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Is it Time for an Employee to Go?

I am currently a Manager in IT Operations and my team is responsible for end-user support, we are the single point of contact to IT for service disruptions and other requests. I have a difficult employee and I'm wondering if it is time for him to go to improve the team overall.

This individual consistenly scores high on our objective measures (i.e. Average resolution time, customer survey scores, time tracking, etc.), however his behaviors are poor. During team meetings if he disagree's with something it just says "This is stupid". I require that all team members follow a specific procedure when we have Major Issues. This tech does not believe its effecient and simply does not do it, this is one of example of many.

Some things I've done wrong. The majority time I've only provide feedback in quarterly reviews and some during 1-on-1's. I've tried to provide regular positive or negative feedback in the past, but the employee gets very defensive on even the lightest piece of negative feedback. When I give positive feedback, the person seems completey unimpacted by this. I'll see where the person begins doing better in an area (i.e. taking good notes) so I will give positive feedback to encourage. Then a week later I see that he has returned to the previous behavior, and from there its a ping pong match. This has made me more tenative in giving feedback because of the defensive behavior.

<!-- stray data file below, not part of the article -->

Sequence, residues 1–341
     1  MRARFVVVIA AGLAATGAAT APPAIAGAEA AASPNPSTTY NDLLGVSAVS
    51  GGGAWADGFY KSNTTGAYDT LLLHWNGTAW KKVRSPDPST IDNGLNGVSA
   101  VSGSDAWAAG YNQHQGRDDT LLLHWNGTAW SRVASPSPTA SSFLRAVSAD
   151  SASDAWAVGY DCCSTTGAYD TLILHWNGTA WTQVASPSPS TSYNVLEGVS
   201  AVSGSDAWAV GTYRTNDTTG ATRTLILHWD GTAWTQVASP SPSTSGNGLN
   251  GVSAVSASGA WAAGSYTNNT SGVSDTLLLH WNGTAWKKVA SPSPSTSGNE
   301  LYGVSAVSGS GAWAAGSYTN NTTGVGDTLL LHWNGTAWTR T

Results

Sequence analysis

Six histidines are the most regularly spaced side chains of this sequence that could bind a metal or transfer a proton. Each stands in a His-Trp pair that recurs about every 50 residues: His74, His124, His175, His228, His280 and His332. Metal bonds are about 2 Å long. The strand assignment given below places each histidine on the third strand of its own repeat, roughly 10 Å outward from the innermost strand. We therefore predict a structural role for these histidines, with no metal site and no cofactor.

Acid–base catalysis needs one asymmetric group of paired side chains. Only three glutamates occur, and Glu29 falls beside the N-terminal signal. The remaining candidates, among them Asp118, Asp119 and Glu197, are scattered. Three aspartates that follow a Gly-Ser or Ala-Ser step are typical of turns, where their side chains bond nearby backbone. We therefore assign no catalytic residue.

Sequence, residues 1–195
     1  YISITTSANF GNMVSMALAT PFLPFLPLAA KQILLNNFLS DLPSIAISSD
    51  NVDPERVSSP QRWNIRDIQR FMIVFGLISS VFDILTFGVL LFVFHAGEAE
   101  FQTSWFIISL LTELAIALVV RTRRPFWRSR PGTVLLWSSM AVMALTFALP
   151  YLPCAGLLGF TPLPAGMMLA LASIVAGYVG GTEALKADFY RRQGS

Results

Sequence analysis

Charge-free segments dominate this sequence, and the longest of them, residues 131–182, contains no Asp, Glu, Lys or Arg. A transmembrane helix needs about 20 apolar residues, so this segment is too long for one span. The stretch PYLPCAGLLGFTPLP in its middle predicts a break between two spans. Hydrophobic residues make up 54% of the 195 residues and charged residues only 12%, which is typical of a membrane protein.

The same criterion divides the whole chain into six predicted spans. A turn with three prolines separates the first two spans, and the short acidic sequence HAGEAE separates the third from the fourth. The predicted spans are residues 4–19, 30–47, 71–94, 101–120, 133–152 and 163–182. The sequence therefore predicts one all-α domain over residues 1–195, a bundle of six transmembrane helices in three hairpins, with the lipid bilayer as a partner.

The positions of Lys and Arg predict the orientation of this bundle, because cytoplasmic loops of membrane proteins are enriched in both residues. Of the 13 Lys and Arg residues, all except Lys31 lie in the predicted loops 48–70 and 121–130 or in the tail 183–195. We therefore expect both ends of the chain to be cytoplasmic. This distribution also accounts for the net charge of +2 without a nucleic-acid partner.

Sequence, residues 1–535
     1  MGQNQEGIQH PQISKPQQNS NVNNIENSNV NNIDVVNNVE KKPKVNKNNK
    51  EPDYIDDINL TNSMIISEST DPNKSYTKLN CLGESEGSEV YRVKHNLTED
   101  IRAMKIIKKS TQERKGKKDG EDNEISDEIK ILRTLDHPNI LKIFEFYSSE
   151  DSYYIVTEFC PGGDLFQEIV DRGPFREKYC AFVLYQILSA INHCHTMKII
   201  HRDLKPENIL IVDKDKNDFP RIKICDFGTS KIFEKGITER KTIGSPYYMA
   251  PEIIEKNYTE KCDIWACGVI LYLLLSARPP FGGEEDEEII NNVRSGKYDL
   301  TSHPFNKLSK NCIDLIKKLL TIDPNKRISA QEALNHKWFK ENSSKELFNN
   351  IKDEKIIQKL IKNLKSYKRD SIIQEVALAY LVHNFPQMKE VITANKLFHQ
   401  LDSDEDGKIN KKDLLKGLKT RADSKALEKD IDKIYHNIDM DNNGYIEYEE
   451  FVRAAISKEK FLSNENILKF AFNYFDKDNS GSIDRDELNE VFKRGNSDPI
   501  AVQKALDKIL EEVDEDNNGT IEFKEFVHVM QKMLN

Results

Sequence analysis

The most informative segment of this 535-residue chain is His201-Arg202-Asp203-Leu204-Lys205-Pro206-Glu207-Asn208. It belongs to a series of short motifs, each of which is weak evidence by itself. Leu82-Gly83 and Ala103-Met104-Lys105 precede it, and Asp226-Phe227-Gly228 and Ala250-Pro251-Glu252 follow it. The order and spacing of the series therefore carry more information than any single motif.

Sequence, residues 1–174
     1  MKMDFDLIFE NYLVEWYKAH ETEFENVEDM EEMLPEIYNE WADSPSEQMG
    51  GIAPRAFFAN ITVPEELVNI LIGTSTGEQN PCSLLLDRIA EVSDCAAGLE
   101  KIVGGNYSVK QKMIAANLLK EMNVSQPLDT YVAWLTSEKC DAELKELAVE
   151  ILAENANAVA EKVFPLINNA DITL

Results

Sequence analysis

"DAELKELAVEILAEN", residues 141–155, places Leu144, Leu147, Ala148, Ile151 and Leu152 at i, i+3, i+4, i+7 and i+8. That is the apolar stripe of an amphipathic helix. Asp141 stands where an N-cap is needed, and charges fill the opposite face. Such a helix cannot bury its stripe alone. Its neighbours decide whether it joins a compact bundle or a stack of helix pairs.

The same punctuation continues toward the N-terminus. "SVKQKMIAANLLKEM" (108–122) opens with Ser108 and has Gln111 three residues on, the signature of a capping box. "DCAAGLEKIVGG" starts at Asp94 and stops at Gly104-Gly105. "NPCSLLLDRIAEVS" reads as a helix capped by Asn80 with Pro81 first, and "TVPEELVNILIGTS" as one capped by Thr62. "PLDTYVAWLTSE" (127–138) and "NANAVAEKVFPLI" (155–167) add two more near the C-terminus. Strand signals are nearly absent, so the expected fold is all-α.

The tech complains to the team a great deal about the company and about procedures I've implemented, these are not brought up to me, just complaining to the team. Other teams do not see this person as easy to work with. 

I've also tried giving this person increased responsibility to further challenge him. He completes these tasks on time, but only precisely what I've assigned. There is no initiative taken to overcome hurdles or "think outside the box".

Overall, I feel like I've failed the employee because I have not given regular feedback using the feedback model. I've been managing the person for two years and we are at a pivotal point of change. I do not see the person jumping on board with the change, and that combined with attitude, I'm wondering if it is time to let the person go? The other part is, if so, how to go about?

pucciot's picture

 Here are my Podcast Suggestions :

 Heart of Feedback (making sure you are approaching Feedback correctly)

http://www.manager-tools.com/2009/03/heart-feedback

 

There is no "Why" in Feedback  - (stopping the ping-pong match)

http://www.manager-tools.com/2011/06/there-no-why-feedback-part-1

http://www.manager-tools.com/2011/07/there-no-why-feedback-part-2

 

Coaching - stop interuppting - 

http://www.manager-tools.com/2013/08/coaching-example-interrupting-part-1

http://www.manager-tools.com/2008/06/how-to-coach-directs-on-interperson...

http://www.manager-tools.com/2013/09/coaching-example-interrupting-part-3